According to Chinese chronicle on Archipelago, in 1403 AD the Emperor Yongle of early Ming dynasty sent the missions under eunuch Ma Bin to Java, and eunuch Yin Qing to Malacca, which those names are referred as Admiral Zheng He or Cheng Ho. In 1405 AD Parameswara reciprocated it by sending his envoy to the court of Ming dynasty, and the envoy was welcomed pleasantly. The official reception of this envoy implied formal Ming endorsement of Malacca as an independence kingdom in Malay. In addition, on November, 11, 1405, Malacca was awarded as the status of a tributary polity and was endowed with the Emperor’s inscription, thus Malacca officially obtained the protection from Chinese Ming dynasty.5) In 1409 AD, admiral Cheng Ho along with his forty-eight fleets visited Malacca. He bore official tablets of Ming Emperor confirming that Malacca and its neighborhood under king Parameswara as an independent kingdom in the view of Ming dynasty.6)

After embracing Islam and becoming Muslim in 1410 AD, King Parameswara transformed the Hindu kingdom of Malacca into Muslim Sultanate of Malacca, and he was then entitled an honor title as “Sultan Iskandar Syah.” His Muslim empresses, soldiers and palace officials transformed them as the devout Muslims. Ma Huan, a Chinese Muslim translator for Admiral Cheng Ho, visited Sultan Parameswara in 1414 as a Secretary Dragoman of envoy of Chinese Emperor Yong Le. Ma Huan noted that Sultan Parameswara practiced his religion obediently.7) Afterward, Sultan Parameswara passed away in 1414 AD and his throne was succeeded by his son, Sultan Megat Iskandar Syah reigning from 1414 to 1424 AD. Following his father’s footsteps ruling the throne, Malacca formally adopted Islam as its state religion and continued to become a Muslim sultanate rather than a Hindu kingdom of his predecessors. Based on the most credible text, Iskandar Syah entwined a closely political and trade relation with China, even he personally visited the palace of Ming dynasty in 1419 AD.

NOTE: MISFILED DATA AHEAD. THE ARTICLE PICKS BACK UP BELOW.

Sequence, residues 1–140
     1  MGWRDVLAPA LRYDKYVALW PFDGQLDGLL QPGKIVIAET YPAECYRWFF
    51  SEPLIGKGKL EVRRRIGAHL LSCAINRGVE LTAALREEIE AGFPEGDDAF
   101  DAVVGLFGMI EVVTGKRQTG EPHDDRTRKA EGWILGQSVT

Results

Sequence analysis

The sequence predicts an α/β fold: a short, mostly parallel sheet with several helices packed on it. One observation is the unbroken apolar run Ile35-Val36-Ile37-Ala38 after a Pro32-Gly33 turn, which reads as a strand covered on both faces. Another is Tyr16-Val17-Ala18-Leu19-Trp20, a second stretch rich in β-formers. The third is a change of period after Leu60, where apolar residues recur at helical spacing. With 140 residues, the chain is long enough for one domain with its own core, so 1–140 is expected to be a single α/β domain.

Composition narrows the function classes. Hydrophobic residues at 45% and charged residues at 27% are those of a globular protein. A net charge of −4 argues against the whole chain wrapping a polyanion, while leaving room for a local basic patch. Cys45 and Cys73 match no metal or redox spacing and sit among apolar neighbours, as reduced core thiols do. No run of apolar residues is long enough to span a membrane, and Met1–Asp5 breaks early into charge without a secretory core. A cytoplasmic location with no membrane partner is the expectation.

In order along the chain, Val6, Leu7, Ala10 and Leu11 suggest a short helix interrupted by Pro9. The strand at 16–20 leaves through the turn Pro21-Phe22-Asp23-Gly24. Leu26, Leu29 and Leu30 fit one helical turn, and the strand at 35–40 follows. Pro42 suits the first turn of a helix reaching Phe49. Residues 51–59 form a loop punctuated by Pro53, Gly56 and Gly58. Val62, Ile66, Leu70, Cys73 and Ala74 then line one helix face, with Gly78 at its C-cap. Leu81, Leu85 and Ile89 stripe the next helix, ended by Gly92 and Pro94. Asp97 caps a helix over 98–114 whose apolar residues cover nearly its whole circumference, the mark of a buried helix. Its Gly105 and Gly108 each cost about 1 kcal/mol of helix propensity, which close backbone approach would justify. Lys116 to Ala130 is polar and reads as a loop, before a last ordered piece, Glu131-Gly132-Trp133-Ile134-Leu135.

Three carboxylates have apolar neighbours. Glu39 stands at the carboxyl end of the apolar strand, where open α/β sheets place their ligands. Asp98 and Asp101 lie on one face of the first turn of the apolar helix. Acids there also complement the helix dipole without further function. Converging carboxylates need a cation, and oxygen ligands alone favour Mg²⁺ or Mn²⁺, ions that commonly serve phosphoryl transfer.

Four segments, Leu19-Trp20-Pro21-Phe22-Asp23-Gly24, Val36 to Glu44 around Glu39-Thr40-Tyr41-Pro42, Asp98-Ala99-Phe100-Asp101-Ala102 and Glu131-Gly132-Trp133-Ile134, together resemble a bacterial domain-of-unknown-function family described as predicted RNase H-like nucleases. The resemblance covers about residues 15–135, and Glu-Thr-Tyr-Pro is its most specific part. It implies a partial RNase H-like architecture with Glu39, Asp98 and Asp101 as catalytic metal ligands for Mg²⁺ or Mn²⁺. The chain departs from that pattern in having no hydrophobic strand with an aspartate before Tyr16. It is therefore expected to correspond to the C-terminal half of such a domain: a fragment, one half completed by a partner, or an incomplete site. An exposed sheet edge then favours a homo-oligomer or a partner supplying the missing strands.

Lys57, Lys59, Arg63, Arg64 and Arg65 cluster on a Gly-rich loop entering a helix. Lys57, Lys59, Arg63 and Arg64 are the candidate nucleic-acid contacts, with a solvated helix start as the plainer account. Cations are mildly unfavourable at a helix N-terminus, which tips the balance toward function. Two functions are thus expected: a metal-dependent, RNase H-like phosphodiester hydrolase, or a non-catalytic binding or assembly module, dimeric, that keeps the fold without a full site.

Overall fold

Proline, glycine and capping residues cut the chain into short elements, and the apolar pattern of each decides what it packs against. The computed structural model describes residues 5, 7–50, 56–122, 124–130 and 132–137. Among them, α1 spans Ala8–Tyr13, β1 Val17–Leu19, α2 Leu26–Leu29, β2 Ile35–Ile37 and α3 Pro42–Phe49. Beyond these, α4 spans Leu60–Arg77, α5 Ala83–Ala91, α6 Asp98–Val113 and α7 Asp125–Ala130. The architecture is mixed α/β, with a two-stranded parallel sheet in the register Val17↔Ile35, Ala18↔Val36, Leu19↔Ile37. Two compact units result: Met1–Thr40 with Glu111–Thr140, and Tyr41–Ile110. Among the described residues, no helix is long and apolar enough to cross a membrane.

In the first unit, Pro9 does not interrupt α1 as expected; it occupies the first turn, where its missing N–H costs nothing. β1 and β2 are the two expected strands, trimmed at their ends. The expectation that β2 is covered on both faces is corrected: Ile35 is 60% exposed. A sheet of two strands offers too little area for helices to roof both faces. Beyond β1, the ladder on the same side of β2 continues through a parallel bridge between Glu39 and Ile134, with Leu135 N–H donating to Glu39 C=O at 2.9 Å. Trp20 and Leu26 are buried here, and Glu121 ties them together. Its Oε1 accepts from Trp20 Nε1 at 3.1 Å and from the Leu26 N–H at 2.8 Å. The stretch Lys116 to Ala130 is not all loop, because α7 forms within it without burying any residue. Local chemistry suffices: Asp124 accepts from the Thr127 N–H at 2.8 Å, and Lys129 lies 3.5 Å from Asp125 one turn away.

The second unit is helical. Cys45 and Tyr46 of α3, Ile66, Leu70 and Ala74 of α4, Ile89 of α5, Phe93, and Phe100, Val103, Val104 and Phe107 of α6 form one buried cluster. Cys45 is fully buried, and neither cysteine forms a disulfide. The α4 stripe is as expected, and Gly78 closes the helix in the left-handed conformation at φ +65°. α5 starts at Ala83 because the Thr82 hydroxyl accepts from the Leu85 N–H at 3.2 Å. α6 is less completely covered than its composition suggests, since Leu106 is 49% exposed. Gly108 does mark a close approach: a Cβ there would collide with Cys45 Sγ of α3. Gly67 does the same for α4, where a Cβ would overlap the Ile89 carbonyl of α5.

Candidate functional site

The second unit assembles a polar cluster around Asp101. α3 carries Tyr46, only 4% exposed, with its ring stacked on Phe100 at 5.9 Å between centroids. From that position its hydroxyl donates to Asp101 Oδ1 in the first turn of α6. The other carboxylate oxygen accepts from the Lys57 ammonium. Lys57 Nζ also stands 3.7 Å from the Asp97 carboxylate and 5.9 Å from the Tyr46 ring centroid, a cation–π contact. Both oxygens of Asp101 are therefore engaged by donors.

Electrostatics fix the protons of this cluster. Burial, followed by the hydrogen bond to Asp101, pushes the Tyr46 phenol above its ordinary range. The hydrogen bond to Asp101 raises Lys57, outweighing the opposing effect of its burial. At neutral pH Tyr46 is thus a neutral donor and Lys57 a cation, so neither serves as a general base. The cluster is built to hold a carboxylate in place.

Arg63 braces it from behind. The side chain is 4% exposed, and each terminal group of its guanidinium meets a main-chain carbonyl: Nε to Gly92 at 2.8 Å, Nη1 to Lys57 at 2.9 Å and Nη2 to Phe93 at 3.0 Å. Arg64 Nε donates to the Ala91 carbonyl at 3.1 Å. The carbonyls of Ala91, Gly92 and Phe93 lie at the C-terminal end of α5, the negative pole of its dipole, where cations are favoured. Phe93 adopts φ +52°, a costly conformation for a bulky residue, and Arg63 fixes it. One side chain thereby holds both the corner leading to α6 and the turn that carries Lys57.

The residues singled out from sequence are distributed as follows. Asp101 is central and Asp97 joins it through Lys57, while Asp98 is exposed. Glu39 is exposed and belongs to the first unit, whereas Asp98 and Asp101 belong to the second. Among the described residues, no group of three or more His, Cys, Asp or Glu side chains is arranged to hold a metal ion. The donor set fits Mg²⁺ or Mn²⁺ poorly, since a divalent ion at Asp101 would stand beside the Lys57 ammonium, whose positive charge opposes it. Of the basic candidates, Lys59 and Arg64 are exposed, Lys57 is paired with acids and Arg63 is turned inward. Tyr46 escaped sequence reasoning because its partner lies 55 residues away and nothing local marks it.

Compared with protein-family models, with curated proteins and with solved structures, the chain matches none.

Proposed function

The Establishment of Malacca Sultanate: From the Triumph of Commerce to the Conquest of Malacca from Early 15th to 16th Centuries
The Establishment of Malacca Sultanate: From the Triumph of Commerce to the Conquest of Malacca from Early 15th to 16th Centuries